When Do We Forget

Do you remember the significance of these three dates? December 7th, November 22nd and September 11th.

Each of those dates are significant dates in American history. Each marks a day that impacts everyone today but also is more associated with a specific generation.

December 7, 1941 is the date of the surprise attack by the Japanese Navy Air Service on the American military base at Pearl Harbor in Hawaii, which directly led to the entry of the United States into World War II. That is 77 years ago next month.

News of the attack is a memorable event for the many parents of boomers who often could recall where they were when they heard news of the attack. Do people who were alive that day make note of it on the anniversary each year?  Is that date any less significant if few people remember without a reminder? 

November 22, 1963 is the day then President John Kennedy was assassinated in a celebratory motorcade in Dallas. That day is forever etched in the minds of many boomers, mysel…

Are They Trying To Tell Us Something?

Several times during the past few months I’ve read about or encountered people who died too young. 

An event promoter I knew in Maryland who had survived colon cancer died from complications related to diabetes and heart issues last month. Age 53. 

A partly retired New Hampshire newscaster I met once when he lived in Virginia survived several health issues but had a heart attack while driving home from work and died either from that or the resulting car crash last week. Age 62. 

I’m currently reading Michelle Obama’s new book. Her father lived with Multiple Sclerosis for around twenty years. In the 1980s he eventually had other issues possibly related to the MS and died. Age 55. 

A few chapters earlier in the book, Michelle talked about a very good friend who exemplified ‘carpe diem’. She seemed to know she’d die young and wanted to experience as much life as she could while she could. She died at age 26. 

All this reminded me that a former girlfriend of mine from my 20s in Louisiana died …

Would You Rebuild?

Paradise is a word associated with a pleasant location. Maybe someone arrived decades ago in such a location out west, took in the peaceful surroundings, breathed in clean crisp air while viewing picturesque mountain scenery and referred to that setting as paradise.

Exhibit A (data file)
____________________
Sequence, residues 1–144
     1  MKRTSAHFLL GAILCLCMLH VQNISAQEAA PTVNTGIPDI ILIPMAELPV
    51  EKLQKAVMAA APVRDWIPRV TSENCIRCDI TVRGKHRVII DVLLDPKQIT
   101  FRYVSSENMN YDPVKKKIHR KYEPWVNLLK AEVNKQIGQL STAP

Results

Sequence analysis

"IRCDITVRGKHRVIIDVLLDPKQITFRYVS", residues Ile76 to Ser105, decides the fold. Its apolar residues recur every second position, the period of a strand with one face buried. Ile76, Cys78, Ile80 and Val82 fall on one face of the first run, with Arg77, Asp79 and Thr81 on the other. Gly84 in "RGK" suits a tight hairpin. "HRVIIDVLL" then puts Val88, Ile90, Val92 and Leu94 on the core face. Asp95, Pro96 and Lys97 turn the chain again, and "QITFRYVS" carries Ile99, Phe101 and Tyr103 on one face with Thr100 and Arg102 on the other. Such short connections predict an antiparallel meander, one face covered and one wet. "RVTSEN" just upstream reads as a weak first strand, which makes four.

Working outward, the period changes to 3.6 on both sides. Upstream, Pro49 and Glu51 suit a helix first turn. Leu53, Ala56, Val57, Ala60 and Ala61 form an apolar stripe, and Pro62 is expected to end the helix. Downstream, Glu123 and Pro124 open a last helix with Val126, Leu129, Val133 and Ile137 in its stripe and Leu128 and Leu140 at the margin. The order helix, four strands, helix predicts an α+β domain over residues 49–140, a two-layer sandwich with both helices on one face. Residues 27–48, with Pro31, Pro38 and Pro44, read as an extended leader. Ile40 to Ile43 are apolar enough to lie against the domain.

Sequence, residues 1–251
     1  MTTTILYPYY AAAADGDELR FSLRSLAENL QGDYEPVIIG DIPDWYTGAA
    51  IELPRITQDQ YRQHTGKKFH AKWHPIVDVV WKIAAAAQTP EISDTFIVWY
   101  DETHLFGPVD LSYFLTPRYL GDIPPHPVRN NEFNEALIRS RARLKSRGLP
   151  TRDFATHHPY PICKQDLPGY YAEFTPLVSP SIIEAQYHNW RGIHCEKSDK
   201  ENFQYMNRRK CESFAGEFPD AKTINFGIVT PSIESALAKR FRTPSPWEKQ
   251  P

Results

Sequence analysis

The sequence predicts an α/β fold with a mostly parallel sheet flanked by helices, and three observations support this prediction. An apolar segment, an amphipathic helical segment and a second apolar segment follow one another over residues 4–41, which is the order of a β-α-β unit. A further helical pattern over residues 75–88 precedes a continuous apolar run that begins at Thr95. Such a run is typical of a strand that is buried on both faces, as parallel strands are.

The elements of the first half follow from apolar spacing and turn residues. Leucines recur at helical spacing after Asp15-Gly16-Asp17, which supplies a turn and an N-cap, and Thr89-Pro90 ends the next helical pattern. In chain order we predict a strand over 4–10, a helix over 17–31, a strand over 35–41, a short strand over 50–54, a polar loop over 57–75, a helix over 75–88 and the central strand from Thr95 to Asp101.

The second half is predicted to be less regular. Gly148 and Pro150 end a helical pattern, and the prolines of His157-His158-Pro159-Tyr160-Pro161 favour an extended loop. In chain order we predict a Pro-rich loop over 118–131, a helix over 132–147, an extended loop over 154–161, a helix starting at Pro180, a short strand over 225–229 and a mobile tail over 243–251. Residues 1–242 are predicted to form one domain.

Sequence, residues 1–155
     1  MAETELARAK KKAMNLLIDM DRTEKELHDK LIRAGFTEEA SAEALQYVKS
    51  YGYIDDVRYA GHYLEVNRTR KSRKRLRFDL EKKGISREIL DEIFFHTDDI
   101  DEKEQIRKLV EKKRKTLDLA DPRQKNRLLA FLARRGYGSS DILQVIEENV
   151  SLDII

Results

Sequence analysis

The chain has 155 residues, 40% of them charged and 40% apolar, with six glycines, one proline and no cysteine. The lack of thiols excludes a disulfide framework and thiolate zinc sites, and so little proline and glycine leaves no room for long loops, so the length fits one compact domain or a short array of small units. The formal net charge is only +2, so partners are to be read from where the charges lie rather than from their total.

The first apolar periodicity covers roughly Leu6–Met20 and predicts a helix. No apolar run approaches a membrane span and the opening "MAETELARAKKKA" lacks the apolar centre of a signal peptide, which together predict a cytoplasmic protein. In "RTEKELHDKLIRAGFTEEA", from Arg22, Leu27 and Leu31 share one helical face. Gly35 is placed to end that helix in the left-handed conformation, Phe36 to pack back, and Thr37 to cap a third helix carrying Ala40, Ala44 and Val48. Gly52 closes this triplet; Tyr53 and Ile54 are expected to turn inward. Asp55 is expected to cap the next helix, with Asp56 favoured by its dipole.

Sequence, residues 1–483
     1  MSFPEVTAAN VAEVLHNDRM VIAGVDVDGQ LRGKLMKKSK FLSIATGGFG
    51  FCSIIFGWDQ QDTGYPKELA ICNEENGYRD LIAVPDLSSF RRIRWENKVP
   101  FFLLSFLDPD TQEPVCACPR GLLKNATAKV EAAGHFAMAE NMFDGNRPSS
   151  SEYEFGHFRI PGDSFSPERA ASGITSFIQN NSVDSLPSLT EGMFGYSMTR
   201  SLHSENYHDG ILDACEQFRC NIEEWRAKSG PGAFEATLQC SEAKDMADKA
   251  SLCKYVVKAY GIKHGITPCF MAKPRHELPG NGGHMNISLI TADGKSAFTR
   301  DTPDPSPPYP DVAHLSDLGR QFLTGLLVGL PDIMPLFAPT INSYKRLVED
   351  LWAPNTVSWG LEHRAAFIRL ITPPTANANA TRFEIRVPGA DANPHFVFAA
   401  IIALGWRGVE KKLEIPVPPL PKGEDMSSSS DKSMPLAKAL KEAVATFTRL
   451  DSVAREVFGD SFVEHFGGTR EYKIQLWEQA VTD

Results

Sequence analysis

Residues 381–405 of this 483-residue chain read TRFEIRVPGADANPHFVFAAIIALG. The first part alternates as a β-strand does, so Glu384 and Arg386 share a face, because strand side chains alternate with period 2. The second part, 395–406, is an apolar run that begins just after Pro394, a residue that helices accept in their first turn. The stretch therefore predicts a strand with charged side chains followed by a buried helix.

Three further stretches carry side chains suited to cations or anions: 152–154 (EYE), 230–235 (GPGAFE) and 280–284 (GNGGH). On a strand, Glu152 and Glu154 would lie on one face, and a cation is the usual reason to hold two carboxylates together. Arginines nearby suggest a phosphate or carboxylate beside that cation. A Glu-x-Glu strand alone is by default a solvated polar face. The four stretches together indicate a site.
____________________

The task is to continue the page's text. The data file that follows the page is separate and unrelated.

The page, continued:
That scenario is one of several legends relating to the naming of Paradise, California. Most of the 26,000-plus residents probably felt they truly lived in paradise, a noun defined by my dictionary app as “a place of extreme beauty, delight and happiness.”  Paradise also means “heaven.”

A few weeks ago, however, the town of Paradise became hell as one of several California fires roared through town forcing the entire population to evacuate the inferno.

The fire eventually destroyed the entire town. All of it. Think about this: 14,000 homes burned to the grown. Fourteen thousand!  It’s hard to picture that many homes. Even harder to visualize all of them gone. Crumbled brick, twisted metal pipes, mounds of ash, crisscros…

Giving Thanks

Does your family have Thanksgiving Day traditions?  Did you grow up with food-filled festivities, a table topped with turkey, dressing, cranberries and pumpkin pie?

That’s sort of the Norman Rockwell painting version of this American holiday and fortunately many boomers grew up with that scenario in their own homes.

My Dad’s side of the family was second and third generation Italian, so we often had Grandma’s incredible lasagna too.  It was always fun and anticipation was amply rewarded.